Incentives for Investors

Foreign Investment Act: The Foreign Investment Act No. 27 of 1990 (amended in 1993) is the cornerstone of Namibia’s policy on foreign investment. This Act brought the Namibia Investment Centre within the Ministry of Trade and Industry into being, to facilitate the promotion and administration of foreign investments. The Namibia Investment Centre is the first point of contact in order to obtain up-to date information on, and assistance with investment incentives, introductions and administration requirements. The Act provides for: liberal foreign investment conditions; equal treatment of foreign and local investors; openness of all sectors of the economy for foreign investment; full protection of investments; and granting of Certificate of Status Investment (CSI).

The Certificate of Status Investment provides preferential access to foreign exchange in order to repay foreign debt, royalty, remit branch profits and dividends as well as proceeds of sale of enterprise. It gives the right to retain abroad all part of foreign exchange earnings from exports. It also gives right to international arbitration in the event of dispute with the government, as well as payment of just compensation without undue delay and in freely convertible currency.

The Certificate of Status Investment is granted if the following conditions are satisfied:

§ A foreign investment should be an amount of at least N$ 2 million;

§ Foreign investment in a Namibian enterprise should not constitute less than 10 percent of its share capital;

§ Contribution to Namibia’s development objectives;

§ Contributes to the Namibian economy in terms of employment opportunities, provision of training for Namibians, use of raw materials and locally produced goods;

§ Potential for earning foreign exchange and;

§ Positive impact on the environment.

Tax and Non-Tax Incentives

The incentives are designed to give Namibian based entrepreneurs who invest in manufacturing and re-export trade a competitive edge. These are accessible to both existing and new manufacturers. In all sectors, manufacturing activities include local value-added of processing of Namibia’s minerals, fish and agricultural products, which are currently exported largely in raw form, stand to benefit from these incentives. Namibian based entrepreneurs who invest in manufacturing are given the following incentives:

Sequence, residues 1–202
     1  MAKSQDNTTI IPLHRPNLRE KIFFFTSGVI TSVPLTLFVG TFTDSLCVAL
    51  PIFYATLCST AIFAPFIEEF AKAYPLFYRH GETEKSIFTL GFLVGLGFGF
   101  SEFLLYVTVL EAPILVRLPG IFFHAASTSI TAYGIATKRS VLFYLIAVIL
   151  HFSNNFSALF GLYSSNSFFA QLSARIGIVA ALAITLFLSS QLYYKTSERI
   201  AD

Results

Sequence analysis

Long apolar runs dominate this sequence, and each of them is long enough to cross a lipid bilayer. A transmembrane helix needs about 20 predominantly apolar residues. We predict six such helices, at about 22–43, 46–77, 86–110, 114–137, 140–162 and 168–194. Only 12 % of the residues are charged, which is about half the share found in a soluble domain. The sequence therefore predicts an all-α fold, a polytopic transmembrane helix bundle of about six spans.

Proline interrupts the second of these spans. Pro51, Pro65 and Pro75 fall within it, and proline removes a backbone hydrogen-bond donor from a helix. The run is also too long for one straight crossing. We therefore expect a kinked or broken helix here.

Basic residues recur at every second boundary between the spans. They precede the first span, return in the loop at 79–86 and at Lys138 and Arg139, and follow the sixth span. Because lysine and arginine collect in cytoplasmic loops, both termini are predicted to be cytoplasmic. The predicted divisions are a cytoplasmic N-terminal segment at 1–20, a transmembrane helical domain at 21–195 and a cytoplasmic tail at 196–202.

§ Exemption from VAT on purchase and import of machinery and equipment;

§ Factory buildings written off at 20% in the first year and the balance at 8% for 10 years;

§ Export promotion allowance of 25% is deducted from taxable income;

§ Additional deduction of incentives for training and production wages of between 25% and 75%;

§ Deduction of 50% of cash grants for direct cost of approved export promotion activities;

§ Corporate tax abatement of 50% for 5 years and phasing out of abatement over the following 10 years.

Enterprises which export manufactured goods, excluding meat and fish products, whether manufactured in Namibia or not, are given 80% allowance on income derived from exporting manufactured goods.

The Export Processing Zone (EPZ) was launched in 1996 through the enactment of the EPZ Act. This EPZ regime is now vibrant and represents a whole new territory for the discerning investors to exploit. The EPZ has attracted and continue to attract tremendous local and international response. About 65 companies engaged in activities ranging from the manufacture of car par to soft toys as well as variety of re-export activities have been grated EPZ status certificates.

International response is attributed mainly to the fact that Namibia EPZ provides the most attractive fiscal incentives in Africa against a backdrop of one of the most pleasant and peaceful environments on the continent. EPZ offers the following incentives:

§ EPZ companies do not pay corporate tax, VAT tax, stamp duty and transfer duty;

§ Enterprises can set up any place in Namibia where it suits their interests, there is no geographical limitations;

§ EPZ companies authorised to hold foreign currency account in local banks, and no foreign exchange control;

§ Industrial facilities are provided by the Ministry of Trade and Industry as well as Offshore Development Corporation (ODC) at economic rather that commercial rates;

§ Investor facilitation services are fast and free of charge, and they are provided by the ODC and the Investment Centre;

The eligibility for EPZ status is that enterprises must engage mainly in manufacturing for export outside Southern African Customs Union (SACU). Sale of up to 30% of production on the local market may be allowed upon on request. Other re-export operations allowed include repackaging.

Local incorporation is not necessary, and foreign incorporation is acceptable, but EPZ status must be acquired before start of operation. Applications must be submitted to the EPZ Committee chaired by the Minister of Trade and Industry.

This information has been taken from the Namibia Investment Guide.